Pin your gap closed. (Yes, I pinned!)

And starting where you left off, machine stitch the opening closed:

Repeat on your other two ghosties (making sure to use matching thread for each ghostie, or they become Goofy Ghosties) and you are DONE!

Sunday, May 9, 2010

The Naptime Dress.

Hey guys! Guess I should finally get around to relieving Julie of all the posting privileges, huh?

I've been hemming and hawing over what sort of tutorial to do for my first post, and kept crashing into the issue that almost every single project I have has already been done... and done right here in the blogging world! My favorite quote is as follows: "The key to creativity is concealing your sources" - but I think I'll break that here. The creative world is about sharing, learning, and inspiring. So my first tutorial here at Distant Pickles is one you may have seen before, but it's one of my favorite easy projects to do, and a super cute gift to give!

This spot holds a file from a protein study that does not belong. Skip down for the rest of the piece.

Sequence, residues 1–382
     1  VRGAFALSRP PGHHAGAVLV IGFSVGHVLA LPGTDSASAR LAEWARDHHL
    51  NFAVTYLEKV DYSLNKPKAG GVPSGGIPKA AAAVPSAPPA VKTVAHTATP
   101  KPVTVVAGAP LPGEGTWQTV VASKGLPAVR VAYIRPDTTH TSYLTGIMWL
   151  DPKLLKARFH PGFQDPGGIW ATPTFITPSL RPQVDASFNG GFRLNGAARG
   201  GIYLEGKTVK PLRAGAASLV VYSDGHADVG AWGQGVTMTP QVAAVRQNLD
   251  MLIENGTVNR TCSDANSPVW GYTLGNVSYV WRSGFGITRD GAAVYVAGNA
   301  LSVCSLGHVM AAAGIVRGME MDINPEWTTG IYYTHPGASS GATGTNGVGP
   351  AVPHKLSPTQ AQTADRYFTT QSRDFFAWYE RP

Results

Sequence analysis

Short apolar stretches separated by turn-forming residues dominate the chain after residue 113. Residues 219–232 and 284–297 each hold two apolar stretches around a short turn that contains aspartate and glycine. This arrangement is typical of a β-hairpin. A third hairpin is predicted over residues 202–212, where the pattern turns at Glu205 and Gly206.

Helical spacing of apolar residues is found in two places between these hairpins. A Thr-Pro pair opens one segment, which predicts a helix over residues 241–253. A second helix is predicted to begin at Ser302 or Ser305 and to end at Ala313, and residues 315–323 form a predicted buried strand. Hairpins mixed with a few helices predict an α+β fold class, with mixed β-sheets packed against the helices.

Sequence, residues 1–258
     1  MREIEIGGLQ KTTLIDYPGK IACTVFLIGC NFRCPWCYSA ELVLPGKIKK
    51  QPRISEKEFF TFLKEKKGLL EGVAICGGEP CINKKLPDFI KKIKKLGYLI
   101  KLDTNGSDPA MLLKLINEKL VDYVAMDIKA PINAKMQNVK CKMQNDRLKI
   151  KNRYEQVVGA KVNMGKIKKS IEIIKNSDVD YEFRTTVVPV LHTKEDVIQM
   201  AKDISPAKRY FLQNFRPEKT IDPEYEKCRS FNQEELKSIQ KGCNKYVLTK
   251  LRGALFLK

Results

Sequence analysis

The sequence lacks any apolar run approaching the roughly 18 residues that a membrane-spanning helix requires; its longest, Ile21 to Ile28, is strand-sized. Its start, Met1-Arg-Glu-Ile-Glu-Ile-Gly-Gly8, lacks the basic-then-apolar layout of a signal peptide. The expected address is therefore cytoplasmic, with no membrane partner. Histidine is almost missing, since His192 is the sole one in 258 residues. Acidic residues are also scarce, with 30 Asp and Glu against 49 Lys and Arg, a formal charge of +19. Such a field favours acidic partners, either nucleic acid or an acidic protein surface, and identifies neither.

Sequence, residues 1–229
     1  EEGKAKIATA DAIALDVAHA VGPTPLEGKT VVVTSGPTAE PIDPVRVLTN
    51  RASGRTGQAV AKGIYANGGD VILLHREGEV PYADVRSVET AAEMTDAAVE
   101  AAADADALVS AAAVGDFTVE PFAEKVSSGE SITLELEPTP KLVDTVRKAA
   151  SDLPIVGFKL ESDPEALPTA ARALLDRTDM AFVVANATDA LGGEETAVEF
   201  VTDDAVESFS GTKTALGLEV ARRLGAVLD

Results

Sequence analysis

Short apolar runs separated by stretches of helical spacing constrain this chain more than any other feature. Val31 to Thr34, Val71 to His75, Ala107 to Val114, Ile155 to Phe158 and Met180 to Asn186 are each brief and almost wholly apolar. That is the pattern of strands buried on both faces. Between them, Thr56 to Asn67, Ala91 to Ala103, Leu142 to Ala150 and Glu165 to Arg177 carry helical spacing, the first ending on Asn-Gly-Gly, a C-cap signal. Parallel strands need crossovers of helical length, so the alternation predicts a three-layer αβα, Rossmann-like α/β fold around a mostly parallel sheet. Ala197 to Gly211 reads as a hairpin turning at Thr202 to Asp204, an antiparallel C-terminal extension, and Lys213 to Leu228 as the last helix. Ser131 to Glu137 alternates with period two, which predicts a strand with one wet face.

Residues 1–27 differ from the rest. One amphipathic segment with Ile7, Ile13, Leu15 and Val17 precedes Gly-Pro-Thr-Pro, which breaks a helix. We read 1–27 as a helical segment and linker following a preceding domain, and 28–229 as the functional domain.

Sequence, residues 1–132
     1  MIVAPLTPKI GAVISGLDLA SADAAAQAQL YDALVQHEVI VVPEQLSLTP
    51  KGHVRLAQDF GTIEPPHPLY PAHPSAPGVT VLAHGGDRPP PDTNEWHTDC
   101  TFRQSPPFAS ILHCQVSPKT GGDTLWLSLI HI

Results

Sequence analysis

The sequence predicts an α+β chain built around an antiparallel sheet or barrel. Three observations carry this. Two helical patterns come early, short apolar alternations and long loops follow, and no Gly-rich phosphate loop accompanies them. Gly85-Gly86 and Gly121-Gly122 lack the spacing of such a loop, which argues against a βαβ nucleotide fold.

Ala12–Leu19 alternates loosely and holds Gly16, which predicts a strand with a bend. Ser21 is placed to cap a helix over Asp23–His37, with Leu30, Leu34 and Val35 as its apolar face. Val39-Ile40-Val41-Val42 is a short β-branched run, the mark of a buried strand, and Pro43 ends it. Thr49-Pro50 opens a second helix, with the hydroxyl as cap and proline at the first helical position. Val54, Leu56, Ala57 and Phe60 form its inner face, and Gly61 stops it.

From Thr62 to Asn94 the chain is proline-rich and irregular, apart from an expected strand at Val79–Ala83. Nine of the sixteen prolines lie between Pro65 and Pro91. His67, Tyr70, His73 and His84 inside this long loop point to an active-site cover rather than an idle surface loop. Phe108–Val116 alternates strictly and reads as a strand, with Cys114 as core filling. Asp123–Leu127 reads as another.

This is a dress I refer to as the "Naptime Dress". It is referred to as such because it is able to be done, from start to finish, in about an hour - perfect for even short nappers!

It is a simple smocked sundress. Martha Stewart did a spot on it in May of 2009 - video can be found here. The problem I've found with the video, though, is that there are no closeups of what she is doing! So, today, I'm going to go ahead and give a close up, step-by-step image tutorial for any steps that you might not quite get by watching Martha's video.

The Naptime Dress tutorial will fit a toddler in size 18-24 months. After the 24 month/2T size, it becomes a little short to use alone, but because of the elastic smocking, it can still be worn as a shirt for older kiddos!

You're going to start with the supply list:

Your trusty cutting mat, acrylic ruler, rotary cutter, and snips. I heart my snips. Everyone should own a pair or 12.